In the last post about Audio Cables we covered all Analog Cables, in this post I will give you guys a look into digital Cables that are commonly used in audio engineering and their purposes.

If you’ve read through the Analog and Digital blog, by now you know what the difference between the two is, Analog signals are continuous signals that carry information like Voltage, Current etc whereas Digital Cables transmit Binary Data that our computers understand.

No. 1

USB Cable

This is the most common cable that one would see in a recording/production setup. These cables are used on Soundcards and for MIDI Devices like an Ableton Push, or a MIDI Keyboard. They work by transmitting digital signal generated by these devices to the computer.

There are a bunch of usb cables out there, the one that I referred to earlier is the USB 2.0 to USB 3 cable or also commonly referred to as the “Printer Cable”
No. 2


Though the firewire system is pretty much outdated, there are still a few Interfaces and systems that rely on FW. There are two types of firewire cables namely the FW400 and FW800.
400 and 800 stands for the transfer rate of both of these cables. viz. 400Mbytes/s and 800MB/s respectively. You also get adaptors to convert an 800 pin to a 400 pin.
No. 3


The Thunderbolt system was put together by Apple and Intel in early 2011 and has gone through many iterations to the TB we know now. Thunderbolt 3 systems use a Type C cable to transmit data and they do so at a staggering transfer rate of 40G/s.

Most of the audio interfaces like the UA Apollo and Apogee use these for effective transfer of data. Using the TB connectors these interfaces are capable of transferring the converted Analog signal at a high speed without causing any buffer issues.
No. 4


These are Optical fiber cables that transmit digital data using ADAT formatting. These cables are usually used to connect two interfaces to each other using the ADAT for expanding the Input and Output capability. They can transmit multiple channels of audio through a single cable, making them a great option if you’re trying to reduce the number of cables in your studio.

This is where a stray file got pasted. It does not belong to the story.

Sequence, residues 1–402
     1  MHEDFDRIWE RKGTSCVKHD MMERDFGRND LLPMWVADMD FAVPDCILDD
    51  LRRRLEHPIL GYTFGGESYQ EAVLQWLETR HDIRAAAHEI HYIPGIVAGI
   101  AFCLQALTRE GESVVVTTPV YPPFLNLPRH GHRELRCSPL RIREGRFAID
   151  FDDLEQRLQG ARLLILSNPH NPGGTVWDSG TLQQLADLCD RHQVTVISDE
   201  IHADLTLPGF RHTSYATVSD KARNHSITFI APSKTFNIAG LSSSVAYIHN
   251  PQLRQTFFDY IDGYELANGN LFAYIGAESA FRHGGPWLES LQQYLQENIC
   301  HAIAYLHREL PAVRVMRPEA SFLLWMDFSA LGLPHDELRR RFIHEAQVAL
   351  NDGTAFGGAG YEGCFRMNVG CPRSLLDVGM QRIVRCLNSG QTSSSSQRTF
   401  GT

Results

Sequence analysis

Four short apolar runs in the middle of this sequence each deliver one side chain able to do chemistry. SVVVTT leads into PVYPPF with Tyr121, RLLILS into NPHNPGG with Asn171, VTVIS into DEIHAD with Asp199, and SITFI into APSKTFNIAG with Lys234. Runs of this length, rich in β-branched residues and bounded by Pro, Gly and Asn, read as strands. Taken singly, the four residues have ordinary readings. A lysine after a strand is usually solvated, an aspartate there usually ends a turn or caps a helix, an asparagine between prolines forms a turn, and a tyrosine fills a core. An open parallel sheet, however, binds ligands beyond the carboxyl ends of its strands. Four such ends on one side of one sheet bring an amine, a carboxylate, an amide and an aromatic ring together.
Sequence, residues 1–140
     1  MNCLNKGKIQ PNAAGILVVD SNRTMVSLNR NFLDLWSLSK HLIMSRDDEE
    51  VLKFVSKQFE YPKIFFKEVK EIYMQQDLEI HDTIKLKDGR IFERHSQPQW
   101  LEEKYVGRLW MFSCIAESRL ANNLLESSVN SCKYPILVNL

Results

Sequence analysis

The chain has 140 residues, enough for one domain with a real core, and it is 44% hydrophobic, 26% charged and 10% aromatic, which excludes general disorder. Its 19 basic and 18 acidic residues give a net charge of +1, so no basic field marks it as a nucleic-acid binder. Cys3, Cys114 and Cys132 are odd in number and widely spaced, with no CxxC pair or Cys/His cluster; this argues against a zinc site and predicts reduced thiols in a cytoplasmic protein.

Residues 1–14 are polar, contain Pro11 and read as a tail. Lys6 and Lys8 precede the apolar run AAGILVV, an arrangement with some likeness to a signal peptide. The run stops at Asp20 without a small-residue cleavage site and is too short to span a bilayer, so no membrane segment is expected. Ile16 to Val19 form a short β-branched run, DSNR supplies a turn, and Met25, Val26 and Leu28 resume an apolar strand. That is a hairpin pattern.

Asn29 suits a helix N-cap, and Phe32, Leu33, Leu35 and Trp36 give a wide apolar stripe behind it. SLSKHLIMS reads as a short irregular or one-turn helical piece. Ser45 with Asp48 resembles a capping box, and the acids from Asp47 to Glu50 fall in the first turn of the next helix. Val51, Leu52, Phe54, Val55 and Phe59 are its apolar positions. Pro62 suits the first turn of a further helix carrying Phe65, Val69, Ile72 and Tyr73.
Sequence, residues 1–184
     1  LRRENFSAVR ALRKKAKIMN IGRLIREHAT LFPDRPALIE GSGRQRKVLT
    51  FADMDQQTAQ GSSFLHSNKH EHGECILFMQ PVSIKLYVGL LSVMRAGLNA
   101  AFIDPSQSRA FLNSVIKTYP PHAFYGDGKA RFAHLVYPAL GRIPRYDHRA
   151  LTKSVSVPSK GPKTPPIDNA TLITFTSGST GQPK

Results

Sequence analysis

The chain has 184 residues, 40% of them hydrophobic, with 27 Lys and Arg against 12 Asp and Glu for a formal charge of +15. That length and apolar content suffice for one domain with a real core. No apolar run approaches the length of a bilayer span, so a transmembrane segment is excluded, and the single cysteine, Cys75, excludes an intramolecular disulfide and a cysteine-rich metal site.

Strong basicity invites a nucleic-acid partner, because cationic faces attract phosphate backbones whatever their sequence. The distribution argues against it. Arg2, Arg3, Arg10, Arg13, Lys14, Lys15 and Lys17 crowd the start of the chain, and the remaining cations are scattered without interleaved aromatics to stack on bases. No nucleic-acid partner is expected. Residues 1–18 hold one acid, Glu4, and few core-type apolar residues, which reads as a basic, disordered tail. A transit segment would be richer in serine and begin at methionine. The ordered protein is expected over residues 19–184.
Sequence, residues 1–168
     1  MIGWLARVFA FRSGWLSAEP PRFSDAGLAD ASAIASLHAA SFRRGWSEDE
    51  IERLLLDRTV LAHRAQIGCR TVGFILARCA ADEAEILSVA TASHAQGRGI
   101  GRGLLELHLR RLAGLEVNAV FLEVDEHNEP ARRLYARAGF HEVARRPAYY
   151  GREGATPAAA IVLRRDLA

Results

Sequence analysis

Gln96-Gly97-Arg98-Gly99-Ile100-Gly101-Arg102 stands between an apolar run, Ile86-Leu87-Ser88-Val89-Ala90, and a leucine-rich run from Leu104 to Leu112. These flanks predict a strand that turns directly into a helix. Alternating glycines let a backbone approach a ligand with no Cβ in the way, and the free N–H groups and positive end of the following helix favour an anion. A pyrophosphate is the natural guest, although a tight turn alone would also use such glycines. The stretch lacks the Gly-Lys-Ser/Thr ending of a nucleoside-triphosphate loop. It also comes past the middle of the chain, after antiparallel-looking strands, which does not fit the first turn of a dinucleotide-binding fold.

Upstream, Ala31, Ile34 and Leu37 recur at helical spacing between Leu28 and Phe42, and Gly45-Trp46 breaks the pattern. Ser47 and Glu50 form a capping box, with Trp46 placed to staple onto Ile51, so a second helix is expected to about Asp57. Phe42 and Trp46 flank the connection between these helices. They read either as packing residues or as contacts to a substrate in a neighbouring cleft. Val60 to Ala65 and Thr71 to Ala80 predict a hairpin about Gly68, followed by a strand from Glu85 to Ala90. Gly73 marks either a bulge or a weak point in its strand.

No. 5

Digital Coaxial or SPIDIF

Digital coaxial cables are used to send S/PDIF-formatted digital signals between devices, and use RCA connectors. One digital coaxial cable is capable of transferring two channels of uncompressed PCM audio, or compressed 5.1/7.1 surround sound; this is possible due to the fact that digital coaxial cables transmit digital signals, and not analog signals.

No. 6

MIDI Cable

MIDI cables unlike USB cables carry only MIDI information from a device and transmits this information in form of pules to an interface to convert it into information that a DAW can understand.
MIDI cables can be used to record MIDI in a DAW or also be used to send MIDI signals back into a device like a Keyboard from a DAW.
This comes in hand when you want to quantize midi information in a DAW and then record this quantized information back from the Keyboard.
No. 7

BNC Cable

A word clock cable is a coaxial cable with a BNC connector on each end; it’s used to sync the internal clocks of multiple digital devices in your studio. BNC (Bayonet Neill-Concelman) connectors are radio-frequency connectors that use a quick connect/disconnect. By turning the coupling nut a quarter turn on the male connector, it mates with the female connector and forms a secure connection.

BNC cables are also used on devices like UB MADI which transmits digital signals from the stage rack of mixers with MADi functionality and converts it into a digital signal which can be stored in the computer as digital signal.

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